Lo-fi usability testing – Part 3: Ten top tips

We’ve already covered in the previous articles what usability is and why you need to test it and what you need to do to prepare for your usability tests.  In this thrilling* conclusion to the trilogy, we get down to the nitty-gritty of how to run the tests and how to interpret and act on the results.

* It all depends on your perspective
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Lo-fi usability testing – Part 1: Background

I recently spoke at ProductCamp London about conducting lo-fi usability, that is, easy, quick and inexpensive usability testing that anyone can run.  I did a neater version when I was invited recently to present to the BBC product managers and user experience practitioners, which I’d like to share with you.

Quite a few people are put off usability testing because they think it’s complicated, time-consuming and expensive.  What you may not realise is that you can run a set of usability tests in a single afternoon that will uncover eighty percent of the problems your product has.  And the only specialist equipment you’ll need is a pen, some paper and the computer you need to access the software or website.

This my friends is lo-fi usability testing – a high-return, low-cost method for these cash-strapped times.  In this first instalment, I’ll be discussing what usability is and why testing it is so important.

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7 guiding principles for product install/upgrade usability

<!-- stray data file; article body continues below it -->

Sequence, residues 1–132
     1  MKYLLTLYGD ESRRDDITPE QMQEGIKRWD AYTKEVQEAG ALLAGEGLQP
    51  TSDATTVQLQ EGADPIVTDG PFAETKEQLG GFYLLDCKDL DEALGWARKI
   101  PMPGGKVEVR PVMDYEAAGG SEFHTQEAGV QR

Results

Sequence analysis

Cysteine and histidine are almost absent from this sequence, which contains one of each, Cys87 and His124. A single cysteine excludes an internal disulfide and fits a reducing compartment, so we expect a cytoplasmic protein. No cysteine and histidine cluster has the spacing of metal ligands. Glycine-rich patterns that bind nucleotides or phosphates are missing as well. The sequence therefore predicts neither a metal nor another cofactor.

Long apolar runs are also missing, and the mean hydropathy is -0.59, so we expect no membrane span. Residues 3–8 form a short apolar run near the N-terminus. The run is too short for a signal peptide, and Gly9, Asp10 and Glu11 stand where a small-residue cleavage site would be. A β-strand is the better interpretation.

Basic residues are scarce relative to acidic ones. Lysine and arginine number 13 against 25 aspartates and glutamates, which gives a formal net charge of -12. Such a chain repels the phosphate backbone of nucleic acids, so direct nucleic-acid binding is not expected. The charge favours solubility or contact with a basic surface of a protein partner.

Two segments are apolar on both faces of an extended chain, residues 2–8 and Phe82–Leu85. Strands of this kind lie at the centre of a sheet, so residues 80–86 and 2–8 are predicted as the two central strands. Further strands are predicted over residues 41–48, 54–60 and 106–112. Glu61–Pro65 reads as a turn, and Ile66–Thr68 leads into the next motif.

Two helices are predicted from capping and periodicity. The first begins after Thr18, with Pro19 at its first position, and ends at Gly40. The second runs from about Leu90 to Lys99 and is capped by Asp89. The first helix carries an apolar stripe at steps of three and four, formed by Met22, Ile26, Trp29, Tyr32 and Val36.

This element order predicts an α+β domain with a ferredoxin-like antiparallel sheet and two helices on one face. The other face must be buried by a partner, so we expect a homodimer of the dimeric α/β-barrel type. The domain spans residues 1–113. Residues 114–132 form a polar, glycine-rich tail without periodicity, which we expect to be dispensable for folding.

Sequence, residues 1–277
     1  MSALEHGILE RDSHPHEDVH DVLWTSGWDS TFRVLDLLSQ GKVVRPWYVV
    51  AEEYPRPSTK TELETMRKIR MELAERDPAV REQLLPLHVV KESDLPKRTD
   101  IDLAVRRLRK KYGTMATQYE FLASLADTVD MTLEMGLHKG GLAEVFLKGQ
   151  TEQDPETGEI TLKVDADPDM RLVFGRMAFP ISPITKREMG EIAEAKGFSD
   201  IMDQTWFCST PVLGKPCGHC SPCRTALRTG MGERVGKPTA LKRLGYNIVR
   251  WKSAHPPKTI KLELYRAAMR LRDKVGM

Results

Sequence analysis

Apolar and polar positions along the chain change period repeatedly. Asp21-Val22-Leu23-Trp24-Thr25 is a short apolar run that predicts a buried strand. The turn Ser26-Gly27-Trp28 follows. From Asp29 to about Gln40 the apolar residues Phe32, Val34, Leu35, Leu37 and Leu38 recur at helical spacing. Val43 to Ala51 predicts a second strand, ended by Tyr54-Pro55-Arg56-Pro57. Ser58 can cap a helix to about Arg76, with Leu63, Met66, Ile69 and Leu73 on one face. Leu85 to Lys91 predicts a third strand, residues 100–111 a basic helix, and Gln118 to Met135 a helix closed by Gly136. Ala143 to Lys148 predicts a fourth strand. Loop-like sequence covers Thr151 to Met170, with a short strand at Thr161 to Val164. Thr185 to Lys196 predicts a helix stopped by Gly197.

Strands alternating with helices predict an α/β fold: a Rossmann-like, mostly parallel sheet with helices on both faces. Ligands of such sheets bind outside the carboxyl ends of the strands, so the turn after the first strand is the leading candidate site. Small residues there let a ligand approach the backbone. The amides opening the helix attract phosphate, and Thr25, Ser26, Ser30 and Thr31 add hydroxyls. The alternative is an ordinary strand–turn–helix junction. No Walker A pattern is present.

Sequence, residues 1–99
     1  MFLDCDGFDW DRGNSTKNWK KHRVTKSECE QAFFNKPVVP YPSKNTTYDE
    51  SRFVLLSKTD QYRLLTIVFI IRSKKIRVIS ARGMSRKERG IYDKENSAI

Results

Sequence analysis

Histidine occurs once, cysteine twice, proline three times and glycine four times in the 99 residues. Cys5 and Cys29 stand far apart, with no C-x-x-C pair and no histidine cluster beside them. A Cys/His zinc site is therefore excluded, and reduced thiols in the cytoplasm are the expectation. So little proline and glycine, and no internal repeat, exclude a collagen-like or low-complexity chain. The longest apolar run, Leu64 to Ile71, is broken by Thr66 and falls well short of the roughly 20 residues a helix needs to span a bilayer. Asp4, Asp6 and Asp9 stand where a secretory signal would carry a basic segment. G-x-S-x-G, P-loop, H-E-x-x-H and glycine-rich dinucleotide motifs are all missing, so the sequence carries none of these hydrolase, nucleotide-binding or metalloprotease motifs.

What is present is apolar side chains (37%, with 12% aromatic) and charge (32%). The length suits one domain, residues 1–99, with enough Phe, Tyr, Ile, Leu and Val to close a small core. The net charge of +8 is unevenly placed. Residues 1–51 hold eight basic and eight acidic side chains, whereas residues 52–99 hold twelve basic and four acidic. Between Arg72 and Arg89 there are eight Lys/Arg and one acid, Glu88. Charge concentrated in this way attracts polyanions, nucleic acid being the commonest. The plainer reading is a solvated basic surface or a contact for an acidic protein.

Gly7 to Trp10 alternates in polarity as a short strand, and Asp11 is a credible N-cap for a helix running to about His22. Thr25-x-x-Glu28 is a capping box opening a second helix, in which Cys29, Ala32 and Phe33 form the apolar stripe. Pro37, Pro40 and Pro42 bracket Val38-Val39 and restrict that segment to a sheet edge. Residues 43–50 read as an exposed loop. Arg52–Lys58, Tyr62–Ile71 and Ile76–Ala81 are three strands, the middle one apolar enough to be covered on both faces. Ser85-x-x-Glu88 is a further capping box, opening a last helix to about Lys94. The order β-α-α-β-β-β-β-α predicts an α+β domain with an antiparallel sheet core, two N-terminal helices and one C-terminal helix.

I was discussing recently the importance of getting a product installation or upgrade process right for customers.  Here are some guiding principles from a usability perspective that you may wish to consider when defining your product’s requirements.

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33 cut-out-and-keep usability requirements for your product

I strongly believe that all software companies should have a manifesto or a set of guidelines which set out in practical terms how they will ensure that their products are intuitive for the types of user for which they’re intended.

Good Design Quote courtesy of inspireUX

For product managers, even if your company or Development team doesn’t “get” usability, you can build these into your product requirements and use your Quality Assurance team to check the requirements have been delivered.

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I’m in the middle of a chain reaction

Hello all, hope you’re having a lovely, restful Sunday.  I’ve finally got around to sharing with you the useful Product Management and Usability / User Experience bookmarks I’ve been accumulating.

I’ve found them particularly useful, I hope you will too.  I’ve also thrown in a few of my friends’ sites and blogs and urge you to read the beautiful, insightful and occasionally disturbing things they say.

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